The NJ Department of Health on Communicable Disease Service informs us that tick-borne diseases are bacterial illnesses that spread to humans through infected ticks. The most common tick-borne diseases in NJ are: Lyme Disease, Ehrlichiosis, Anaplasmosis, Rocky Mountain Spotted Fever and Babesios. (NJ Department of Health Tick Brochure)
Tick-borne diseases are not spread between two people, but rather rely on ticks for transmission. Ticks become infected by micro-organisms (bacteria or protozoan parasites) when feeding on small infected mammals (e.g. mice and voles). Different tick-borne diseases are caused by different micro-organisms and it is possible to be infected with more than one tick-borne disease at the same time.
The skin. Since they do not digest solids, they leak saliva into the bite to dissolve tissues and suck up this mixture. The saliva contains enough bacteria that ticks are amonst the most potent disease carriers in the world! A female tick can suck up a 100 times its own body weight in blood. The female will leave several hundred eggs before she dies. Ticks lay eggs in leaf litter and pine needles and femals ticks lay approximately 2,000 to 3,000 eggs in the spring!
The early signs of tick-borne diseases generally include:
Most tick-borne diseases are diagnosed through blood tests and by discussing symptoms with a healthcare provider.
Tick-borne diseases caused by bacteria (Lyme disease, ehrlichiosis, anaplasmosis, and Rocky Mt. spotted fever) can be treated with antibiotics. Babesiosis is caused by a parasite similar to malaria, and is treated with antiprotozoal drugs. It is important to watch for symptoms and talk to your healthcare provider if you’ve been bitten by a tick. Early treatment can be very effective.
Lyme disease in our dogs is equally dangerous and can be fatal. Lyme disease is one of the most common tick-transmitted diseases in the world but only causes symptoms in 5-10% of affected dogs. It is caused by a spirochete (bacteria) species of the Borrelia burgdorferi group. When infection leads to disease in dogs, the dominant clinical feature is recurrent lameness due to inflammation of the joints. There may also be a lack of appetite and depression. More serious complications include damage to the kidneys, and rarely, heart or nervous system disease.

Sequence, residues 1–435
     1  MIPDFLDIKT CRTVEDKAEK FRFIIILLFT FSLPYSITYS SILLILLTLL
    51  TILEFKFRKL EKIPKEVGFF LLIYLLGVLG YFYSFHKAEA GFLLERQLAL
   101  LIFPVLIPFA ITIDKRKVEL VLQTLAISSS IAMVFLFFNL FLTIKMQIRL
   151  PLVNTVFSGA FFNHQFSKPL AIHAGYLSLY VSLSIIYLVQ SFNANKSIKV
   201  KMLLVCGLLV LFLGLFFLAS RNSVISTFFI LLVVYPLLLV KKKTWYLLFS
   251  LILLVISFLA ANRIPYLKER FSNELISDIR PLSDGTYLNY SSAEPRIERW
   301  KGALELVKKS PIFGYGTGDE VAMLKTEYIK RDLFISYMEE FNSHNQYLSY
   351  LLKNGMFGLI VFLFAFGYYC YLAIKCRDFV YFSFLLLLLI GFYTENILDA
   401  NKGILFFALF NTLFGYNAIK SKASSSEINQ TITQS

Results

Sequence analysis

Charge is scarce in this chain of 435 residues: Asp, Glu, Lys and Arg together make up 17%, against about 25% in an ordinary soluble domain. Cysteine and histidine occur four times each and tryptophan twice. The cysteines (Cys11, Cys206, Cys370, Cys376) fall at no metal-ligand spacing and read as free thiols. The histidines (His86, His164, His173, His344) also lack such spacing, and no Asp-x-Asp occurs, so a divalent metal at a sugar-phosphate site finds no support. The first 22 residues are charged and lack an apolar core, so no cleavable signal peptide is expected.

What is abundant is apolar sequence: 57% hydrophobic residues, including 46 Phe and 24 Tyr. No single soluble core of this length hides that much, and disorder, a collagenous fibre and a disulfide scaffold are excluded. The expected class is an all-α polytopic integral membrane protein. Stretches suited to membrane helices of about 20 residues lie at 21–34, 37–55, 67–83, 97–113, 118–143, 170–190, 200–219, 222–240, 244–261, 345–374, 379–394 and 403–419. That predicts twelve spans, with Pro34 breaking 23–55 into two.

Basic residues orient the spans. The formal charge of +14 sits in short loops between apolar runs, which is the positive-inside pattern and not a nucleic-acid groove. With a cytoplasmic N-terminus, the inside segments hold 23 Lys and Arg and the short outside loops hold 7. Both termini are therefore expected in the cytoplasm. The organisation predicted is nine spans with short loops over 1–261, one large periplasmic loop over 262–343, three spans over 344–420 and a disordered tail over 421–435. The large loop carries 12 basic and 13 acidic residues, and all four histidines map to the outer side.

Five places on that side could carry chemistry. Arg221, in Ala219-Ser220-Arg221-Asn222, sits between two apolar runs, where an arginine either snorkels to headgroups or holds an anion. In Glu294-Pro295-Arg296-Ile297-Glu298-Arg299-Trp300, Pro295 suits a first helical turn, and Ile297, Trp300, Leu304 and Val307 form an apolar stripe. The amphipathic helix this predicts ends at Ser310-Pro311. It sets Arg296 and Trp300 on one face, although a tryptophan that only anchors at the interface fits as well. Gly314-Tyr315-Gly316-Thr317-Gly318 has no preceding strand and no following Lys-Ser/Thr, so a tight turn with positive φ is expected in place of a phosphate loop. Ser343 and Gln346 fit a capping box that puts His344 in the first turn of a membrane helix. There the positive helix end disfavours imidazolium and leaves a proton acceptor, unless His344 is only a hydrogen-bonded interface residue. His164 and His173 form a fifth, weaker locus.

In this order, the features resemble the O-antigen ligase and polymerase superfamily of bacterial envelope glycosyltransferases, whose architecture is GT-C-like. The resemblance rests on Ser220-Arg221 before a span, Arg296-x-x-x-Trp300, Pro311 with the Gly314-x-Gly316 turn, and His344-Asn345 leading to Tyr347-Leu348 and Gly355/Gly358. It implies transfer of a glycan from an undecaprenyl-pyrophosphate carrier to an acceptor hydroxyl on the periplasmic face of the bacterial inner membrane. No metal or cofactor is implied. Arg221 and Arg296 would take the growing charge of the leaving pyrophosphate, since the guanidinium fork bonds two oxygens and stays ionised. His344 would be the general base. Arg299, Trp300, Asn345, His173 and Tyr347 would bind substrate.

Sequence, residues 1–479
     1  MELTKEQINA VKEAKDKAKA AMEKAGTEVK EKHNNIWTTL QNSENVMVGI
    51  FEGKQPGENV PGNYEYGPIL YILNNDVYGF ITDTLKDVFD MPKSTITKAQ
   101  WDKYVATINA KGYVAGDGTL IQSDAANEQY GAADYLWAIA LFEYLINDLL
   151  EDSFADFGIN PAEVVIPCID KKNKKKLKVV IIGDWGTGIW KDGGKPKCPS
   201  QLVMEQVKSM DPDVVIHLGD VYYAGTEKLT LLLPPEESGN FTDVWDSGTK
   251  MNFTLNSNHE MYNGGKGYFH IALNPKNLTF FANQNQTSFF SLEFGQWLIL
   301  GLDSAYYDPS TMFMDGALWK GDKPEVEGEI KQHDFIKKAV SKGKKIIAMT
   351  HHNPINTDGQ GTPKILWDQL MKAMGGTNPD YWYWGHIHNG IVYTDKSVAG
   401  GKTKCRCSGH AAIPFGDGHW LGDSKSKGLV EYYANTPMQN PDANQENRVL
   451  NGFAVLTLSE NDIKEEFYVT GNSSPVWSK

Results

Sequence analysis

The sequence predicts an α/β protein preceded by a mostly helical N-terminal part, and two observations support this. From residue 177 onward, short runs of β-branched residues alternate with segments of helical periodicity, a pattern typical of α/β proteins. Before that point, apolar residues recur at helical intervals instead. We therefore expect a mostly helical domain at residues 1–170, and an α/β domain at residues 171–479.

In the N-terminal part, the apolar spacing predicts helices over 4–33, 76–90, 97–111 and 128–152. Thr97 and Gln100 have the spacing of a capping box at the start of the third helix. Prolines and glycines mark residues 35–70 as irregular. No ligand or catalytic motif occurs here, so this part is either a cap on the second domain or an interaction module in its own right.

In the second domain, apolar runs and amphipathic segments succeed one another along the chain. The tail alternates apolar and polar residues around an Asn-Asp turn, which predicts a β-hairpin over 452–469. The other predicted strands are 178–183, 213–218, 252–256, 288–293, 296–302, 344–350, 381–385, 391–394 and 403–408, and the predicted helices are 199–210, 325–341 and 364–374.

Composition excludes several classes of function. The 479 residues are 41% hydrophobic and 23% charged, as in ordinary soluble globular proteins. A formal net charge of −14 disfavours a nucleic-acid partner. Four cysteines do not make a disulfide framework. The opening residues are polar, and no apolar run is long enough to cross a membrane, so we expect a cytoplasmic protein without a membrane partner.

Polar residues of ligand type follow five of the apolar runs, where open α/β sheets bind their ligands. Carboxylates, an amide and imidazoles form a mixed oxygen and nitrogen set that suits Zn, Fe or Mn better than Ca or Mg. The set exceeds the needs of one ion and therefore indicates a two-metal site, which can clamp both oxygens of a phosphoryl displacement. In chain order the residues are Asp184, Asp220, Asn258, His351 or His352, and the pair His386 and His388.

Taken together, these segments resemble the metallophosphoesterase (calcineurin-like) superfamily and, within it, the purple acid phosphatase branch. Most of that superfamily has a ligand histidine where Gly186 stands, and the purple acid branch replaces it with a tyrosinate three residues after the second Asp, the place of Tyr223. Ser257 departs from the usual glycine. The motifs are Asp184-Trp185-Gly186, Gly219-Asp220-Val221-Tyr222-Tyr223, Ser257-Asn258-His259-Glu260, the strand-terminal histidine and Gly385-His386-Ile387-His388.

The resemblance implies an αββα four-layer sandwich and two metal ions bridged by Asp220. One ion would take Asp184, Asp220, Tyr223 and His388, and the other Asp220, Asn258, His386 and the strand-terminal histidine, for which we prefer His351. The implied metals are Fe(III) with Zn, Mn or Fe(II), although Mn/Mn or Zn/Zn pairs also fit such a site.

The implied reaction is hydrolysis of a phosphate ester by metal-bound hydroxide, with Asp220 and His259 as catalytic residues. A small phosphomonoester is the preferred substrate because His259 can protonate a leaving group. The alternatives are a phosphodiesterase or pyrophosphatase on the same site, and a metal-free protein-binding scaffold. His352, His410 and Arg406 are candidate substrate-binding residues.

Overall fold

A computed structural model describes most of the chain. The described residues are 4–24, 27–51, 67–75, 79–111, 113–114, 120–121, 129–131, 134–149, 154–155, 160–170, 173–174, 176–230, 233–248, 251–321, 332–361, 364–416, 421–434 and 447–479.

Unfortunately, antibiotic treatment does not always completely eliminate infection with Borrelia burgdorferi bacteria. Symptoms may resolve but then return at a later date, and the development of kidney disease in the future is always a worry.
Don't be fooled, not everyone gets the telltale "bullseye" rash. Lyme disease is often referred to as the great imitator because so many of its symptoms resemble those of other diseases. Without a telltale skin rash, it can be very hard to diagnose Lyme disease. Many people never recall being bitten.
Pictured is a female Lone Star tick, found in NJ, and the primary vector for Ehrlichiosis. Typical symptoms include: fever, headache, fatigue, and muscle aches. Usually, these symptoms occur within 1-2 weeks following a tick bite.
People can get Anaplasmosis through the bite of a blacklegged tick (deer tick) that live on the ground in areas that are wooded or with lots of brush. The ticks search for hosts at or near ground level and grab onto a person or animal as they walk by.
Ticks such as the dog tick, lone star tick and the wood tick, can all transmit Rocky Mountain spotted fever. The infection is caused by the bacterium Rickettsia rickettsii, carried by the ticks. The disease typically starts as a rash on the extremities, gradually spreading to the body's core. Signs that you may have Rocky Mountain spotted fever are vague: headaches, fever, nausea, muscle pain, but if you have the tell-tale rash, see your doctor immediately.
Babesiosis is a rare, malaria-like infection of the blood caused by a parasite that lives in some ticks. Deer ticks typically carry the parasite that causes this illness.